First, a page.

Over the period between the fall of the Western Zhou Dynasty (771 BC) to the end of the Han Dynasty (220 AD), a rich literature is recorded. For the Confucian tradition which dominated Chinese political life until the end of the Qing Dynasty (1910), the literature of this period was regarded as the flowering of Chinese literary achievement: following generations...

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8 The Crossbow and Other Forms

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pp. 153-190

The first crossbows probably appeared in China even before the Spring and Autumn period (770—476 BC). Judging from evidence in literature and drawing an inference from simple crossbows used by China's national minorities, the concept of mounting a bow on a stock so that it could be held at full draw without calling on the strength of the archer should have...

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9 China's Middle Ages

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pp. 191-228

Chinese culture is a homogeneous tradition built up over thousands of years; but its main contributors were not a single tribe or race. There are many who have (or seek to promote) the impression that 'Han Chinese' racial influence spread over the millennia sweeping aside or absorbing all that it encountered. There is no doubt that there were local...

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10 China Shared

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pp. 229-256

The outlook of China following the rebellion of An Lushan was very different from that at the height of the Tang Dynasty. The merchant class lost faith in the ability of the Tang ruling class to provide centralized rule over China, and at the same time, the rulers lost both the will and the ability to impose central rule. The Emperor, Tai Zong, was forced to flee the capital, Chang An, in 755, and it was only recaptured eight years later with the help...

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11 Action and Overreaction: The Ming Dynasty

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pp. 257-314

The character of the Ming Dynasty was strongly imprinted with the character of its founder, Zhu Yuanzhang (ATCffE) . Zhu grew up in a poor peasant family and became an anti-Mongol activist in a Buddhist-founded group. He gradually managed to attract a following of Confucian scholars...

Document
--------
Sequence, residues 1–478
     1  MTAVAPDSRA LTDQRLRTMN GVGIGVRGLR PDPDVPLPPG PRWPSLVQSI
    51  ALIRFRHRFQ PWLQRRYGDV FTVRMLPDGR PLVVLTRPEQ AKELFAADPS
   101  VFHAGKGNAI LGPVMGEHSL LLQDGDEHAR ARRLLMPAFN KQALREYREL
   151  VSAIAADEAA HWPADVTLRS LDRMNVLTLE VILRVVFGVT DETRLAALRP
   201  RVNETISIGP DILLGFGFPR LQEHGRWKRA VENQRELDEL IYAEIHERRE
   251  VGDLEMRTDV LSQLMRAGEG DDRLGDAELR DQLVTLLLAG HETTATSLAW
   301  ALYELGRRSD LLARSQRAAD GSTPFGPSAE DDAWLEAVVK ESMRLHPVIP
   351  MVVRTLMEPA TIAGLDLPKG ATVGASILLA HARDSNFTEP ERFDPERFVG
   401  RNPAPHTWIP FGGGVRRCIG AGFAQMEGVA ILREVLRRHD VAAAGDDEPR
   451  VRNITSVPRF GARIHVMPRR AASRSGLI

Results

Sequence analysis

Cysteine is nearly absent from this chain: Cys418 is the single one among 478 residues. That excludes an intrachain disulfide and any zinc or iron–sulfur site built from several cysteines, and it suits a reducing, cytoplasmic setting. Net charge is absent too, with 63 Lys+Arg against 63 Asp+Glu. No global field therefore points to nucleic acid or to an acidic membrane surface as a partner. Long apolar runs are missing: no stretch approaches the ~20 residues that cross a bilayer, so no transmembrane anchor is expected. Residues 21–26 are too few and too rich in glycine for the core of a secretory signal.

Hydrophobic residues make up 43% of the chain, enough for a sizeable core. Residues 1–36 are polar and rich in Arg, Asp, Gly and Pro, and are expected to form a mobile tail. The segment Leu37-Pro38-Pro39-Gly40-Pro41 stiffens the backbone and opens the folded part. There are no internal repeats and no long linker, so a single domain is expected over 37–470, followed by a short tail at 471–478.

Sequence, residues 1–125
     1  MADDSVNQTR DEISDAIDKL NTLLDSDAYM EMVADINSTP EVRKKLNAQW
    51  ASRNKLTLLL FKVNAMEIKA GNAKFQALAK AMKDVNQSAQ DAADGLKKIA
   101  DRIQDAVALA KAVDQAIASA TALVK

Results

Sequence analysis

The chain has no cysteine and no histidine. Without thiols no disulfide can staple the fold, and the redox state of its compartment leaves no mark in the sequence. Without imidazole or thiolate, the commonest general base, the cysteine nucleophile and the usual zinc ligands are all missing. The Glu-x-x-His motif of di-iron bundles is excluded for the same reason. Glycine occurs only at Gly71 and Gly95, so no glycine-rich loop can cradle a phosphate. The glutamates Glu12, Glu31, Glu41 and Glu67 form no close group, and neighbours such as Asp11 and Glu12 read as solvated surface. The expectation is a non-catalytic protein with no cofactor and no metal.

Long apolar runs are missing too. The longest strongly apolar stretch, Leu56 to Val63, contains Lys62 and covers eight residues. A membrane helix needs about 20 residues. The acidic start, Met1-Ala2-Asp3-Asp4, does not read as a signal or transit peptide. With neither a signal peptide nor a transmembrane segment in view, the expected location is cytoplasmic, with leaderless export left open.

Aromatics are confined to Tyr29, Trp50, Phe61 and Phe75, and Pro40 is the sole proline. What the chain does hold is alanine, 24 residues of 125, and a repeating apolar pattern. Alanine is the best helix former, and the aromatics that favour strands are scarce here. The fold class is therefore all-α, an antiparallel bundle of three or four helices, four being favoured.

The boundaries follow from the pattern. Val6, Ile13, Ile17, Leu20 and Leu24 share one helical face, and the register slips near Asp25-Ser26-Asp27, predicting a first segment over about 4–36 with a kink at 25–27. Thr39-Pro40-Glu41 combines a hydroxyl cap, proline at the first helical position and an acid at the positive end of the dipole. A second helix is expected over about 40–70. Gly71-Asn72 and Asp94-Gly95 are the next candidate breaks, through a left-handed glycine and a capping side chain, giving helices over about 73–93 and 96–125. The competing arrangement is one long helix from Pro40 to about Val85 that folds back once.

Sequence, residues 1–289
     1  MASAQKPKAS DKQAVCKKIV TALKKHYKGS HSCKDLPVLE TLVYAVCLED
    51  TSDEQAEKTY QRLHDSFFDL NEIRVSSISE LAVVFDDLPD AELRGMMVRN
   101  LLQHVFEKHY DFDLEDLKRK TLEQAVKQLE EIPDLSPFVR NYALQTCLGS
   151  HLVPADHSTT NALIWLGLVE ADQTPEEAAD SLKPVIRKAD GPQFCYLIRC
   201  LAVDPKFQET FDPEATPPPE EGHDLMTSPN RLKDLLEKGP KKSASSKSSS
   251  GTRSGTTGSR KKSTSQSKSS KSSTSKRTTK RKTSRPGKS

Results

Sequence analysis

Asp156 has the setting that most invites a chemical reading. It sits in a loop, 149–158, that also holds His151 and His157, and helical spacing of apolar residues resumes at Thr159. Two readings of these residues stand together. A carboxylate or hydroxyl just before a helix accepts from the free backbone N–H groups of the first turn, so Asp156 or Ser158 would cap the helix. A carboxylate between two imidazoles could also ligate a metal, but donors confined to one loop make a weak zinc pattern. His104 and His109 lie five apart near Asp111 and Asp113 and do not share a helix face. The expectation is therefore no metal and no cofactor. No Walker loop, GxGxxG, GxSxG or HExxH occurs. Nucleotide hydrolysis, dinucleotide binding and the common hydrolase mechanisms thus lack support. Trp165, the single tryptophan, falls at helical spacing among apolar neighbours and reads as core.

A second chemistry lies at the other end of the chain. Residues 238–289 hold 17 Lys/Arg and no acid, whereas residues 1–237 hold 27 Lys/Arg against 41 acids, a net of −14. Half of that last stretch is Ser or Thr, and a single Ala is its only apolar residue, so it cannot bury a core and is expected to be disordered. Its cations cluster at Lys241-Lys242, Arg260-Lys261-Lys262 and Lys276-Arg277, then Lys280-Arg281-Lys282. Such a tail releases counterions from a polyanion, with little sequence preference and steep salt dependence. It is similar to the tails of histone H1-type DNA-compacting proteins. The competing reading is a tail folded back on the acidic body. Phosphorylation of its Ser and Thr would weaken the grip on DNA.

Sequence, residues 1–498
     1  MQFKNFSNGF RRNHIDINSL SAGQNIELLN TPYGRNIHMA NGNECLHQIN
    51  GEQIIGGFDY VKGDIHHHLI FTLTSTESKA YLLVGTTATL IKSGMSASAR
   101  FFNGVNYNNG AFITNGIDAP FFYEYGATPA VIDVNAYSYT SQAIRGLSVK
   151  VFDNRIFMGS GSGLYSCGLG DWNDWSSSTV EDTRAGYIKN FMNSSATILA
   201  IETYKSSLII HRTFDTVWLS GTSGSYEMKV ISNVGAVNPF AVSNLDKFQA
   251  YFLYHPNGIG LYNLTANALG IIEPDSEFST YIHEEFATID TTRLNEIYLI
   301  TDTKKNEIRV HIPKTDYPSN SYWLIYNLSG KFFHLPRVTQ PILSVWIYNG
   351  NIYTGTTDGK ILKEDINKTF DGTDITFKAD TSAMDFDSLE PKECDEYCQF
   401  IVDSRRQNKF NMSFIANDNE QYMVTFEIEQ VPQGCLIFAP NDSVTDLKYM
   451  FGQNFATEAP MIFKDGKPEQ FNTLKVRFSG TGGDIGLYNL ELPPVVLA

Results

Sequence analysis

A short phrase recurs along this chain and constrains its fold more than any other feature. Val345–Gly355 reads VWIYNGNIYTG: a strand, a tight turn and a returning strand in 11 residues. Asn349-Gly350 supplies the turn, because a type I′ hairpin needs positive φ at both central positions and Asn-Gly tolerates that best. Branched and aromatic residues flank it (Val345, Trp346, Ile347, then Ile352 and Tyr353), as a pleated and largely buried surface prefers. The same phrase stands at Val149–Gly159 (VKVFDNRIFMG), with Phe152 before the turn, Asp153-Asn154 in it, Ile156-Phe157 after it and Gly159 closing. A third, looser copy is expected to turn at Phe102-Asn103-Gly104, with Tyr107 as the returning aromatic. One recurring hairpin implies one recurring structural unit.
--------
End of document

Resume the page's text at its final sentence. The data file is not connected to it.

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12 The Transition from Ming to Qing

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pp. 315-358

The concept of the 'accomplished archer' ( H l t # ) comprised the achievement of a number of goals. In the view of writers writing at the end of the Ming Dynasty and the beginning of the Qing Dynasty, these could be summarized as:...

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13 The Final Years

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pp. 359-388

Confucius was the role model for generations of scholar-officials throughout Chinese history. In order to attain this idolized position in Chinese society (thus bringing glory to the family and the whole local community), it was necessary to take part in the Imperial Examinations. Although the maximum prestige attached to the literary examinations...

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14 Epilogue

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pp. 389-398

I apologize. I have dragged you through three thousand years of Chinese history, across battlefields, through philosophers' backyards, over thickets of Chinese characters. Here you are, bruised and scratched, dragged backwards through half-a-dozen different styles and fashions of archery...

15 Bibliography

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pp. 399-410


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pp. 411-418

E-ISBN-13: 9789882200661
Print-ISBN-13: 9789622095014

Page Count: 444
Publication Year: 2000


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Subject Headings

  • Archery -- China.